PeakCare and the Queensland Aboriginal and Torres Strait Islander Child Protection Peak (QATSIPP) are pleased to release our Overview of Survey Findings: Liberal National Party’s proposals for overhauling Queensland’s child protection system, the first in a series of papers reporting on the findings of a survey our organisations conducted about various aspects of the proposals announced by the Liberal National Party (LNP) on 17 June 2020.
Our purpose in conducting the survey was to collect, collate and provide feedback about the LNP’s proposals to further inform the development and refinement of the policy platforms of all political parties as they seek to bring about improvements to Queensland’s child protection system. As other parties release their policy platforms, PeakCare and QATSICPP will look for similar opportunities to seek feedback about these platforms.
Copies of the report were sent to Premier Palaszczuk, Opposition Leader Deb Frecklington, Child Safety Minister Di Farmer and Shadow Minister Stephen Bennet yesterday. PeakCare’s Lindsay Wegener and QATSICPP’s Garth Morgan were also pleased to participate in bipartisan discussions conducted by Minister Di Farmer and Shadow Minister Stephen Bennett at Parliament House on 13 August 2020, during which we delivered a briefing about key findings of the survey. This meeting was also attended by CREATE’s Rachael Donovan. Bryan Smith from Foster and Kinship Care Queensland was unfortunately unable to attend due to a prior commitment. PeakCare strongly commends both Minister Farmer and Shadow Minister Stephen Bennett for their engagement in this dialogue and their enthusiastic interest in the survey and its findings. We look forward to more discussions of this type.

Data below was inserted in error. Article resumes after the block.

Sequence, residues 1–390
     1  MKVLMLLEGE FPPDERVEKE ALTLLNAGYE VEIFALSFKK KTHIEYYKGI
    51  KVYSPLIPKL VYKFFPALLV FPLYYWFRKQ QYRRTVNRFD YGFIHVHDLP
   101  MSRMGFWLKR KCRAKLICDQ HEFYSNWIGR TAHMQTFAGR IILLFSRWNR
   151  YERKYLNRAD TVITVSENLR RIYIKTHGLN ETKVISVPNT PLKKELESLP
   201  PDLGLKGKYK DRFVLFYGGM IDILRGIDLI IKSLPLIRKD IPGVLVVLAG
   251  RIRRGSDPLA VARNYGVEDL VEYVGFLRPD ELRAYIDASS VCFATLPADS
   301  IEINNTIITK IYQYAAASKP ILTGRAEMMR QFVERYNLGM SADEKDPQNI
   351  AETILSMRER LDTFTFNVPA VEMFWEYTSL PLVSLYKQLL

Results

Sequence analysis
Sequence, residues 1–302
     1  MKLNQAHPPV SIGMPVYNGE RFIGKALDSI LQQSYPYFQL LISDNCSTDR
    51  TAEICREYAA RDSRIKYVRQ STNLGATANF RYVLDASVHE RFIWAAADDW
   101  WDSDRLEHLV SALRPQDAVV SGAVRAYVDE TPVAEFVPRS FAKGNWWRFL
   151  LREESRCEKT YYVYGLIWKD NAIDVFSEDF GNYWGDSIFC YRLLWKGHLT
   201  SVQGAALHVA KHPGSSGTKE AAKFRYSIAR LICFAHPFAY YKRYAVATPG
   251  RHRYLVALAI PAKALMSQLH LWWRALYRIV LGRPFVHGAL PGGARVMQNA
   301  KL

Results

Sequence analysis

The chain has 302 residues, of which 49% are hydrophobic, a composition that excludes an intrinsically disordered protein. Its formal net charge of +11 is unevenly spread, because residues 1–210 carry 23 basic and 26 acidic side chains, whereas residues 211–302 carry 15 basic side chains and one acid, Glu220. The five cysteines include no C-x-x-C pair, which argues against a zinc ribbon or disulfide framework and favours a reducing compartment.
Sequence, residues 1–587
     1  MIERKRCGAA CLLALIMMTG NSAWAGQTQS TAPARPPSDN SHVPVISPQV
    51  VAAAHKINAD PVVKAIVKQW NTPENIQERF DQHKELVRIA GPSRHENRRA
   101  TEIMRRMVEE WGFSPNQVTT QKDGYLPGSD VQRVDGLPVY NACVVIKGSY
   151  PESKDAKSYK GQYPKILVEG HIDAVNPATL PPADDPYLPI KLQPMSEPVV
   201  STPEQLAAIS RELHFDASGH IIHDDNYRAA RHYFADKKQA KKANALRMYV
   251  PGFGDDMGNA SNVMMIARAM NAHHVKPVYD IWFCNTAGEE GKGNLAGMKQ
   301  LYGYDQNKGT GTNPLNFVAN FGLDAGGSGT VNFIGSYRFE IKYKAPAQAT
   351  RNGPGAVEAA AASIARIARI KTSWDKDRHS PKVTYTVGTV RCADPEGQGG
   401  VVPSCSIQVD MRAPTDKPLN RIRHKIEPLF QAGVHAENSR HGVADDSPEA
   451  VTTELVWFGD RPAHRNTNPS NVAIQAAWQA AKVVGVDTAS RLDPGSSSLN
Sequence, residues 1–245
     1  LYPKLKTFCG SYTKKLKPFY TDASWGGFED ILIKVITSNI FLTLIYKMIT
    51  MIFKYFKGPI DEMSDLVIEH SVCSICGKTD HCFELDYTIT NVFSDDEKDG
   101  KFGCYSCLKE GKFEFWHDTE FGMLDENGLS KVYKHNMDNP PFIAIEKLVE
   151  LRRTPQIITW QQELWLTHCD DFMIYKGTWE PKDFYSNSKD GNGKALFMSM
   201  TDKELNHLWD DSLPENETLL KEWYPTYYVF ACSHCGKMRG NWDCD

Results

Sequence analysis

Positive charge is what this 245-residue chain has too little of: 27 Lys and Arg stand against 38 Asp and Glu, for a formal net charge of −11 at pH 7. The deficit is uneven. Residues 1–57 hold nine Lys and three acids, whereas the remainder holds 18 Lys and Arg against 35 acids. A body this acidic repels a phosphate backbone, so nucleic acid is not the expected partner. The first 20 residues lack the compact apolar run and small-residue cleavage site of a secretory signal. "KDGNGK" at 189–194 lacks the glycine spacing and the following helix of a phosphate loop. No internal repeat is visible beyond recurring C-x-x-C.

About the survey findings:
In total, 1,998 people responded to the survey, who were categorised into thirteen sub-groups including, for example, employees of non-government organisations, employees of government agencies, academics, Foster and Kinship Carers, and young people and parents with a lived experience of the child protection system. The survey produced what can best be described as a ‘mixed bag’ of findings. There were some proposals about which there was a high level of agreement. This contrasted with others where the opposite was the case. In respect of some matters, the findings were relatively consistent across all or most of the thirteen sub-groups, but in other instances, there were distinct differences in the responses provided by the sub-groups. The wide range of responses suggest that, in respect of many of the LNP’s proposals, opinions are strongly divided.
As noted in the introduction to the report, it would be a mistake to treat the survey as a ‘poll’ that simply measured numbers of people who favoured or did not favour strategies proposed by the LNP. The survey’s true value will come from the consideration that can be given to the commentary provided by the survey respondents that will feature in the more detailed reports that will follow this overview of the findings – consideration that can be given to this commentary not only by political parties, but also a wide range of government and non-government organisations, interest groups and individuals including those who have had a lived experience of the child protection system.
As such, this report is best regarded as something to whet your appetite for the reports to follow. It is these reports that will best serve as the catalyst for further research, discussion and debate about the best ways forward in continuously improving Queensland’s child protection system and achieving better outcomes for Queensland children, young people and families.
We look forward to also regularly bringing these reports to your attention as they become available. Please enter comments about your responses to the survey and/or the bipartisan discussions that are underway. If you prefer, you may enter your comments anonymously.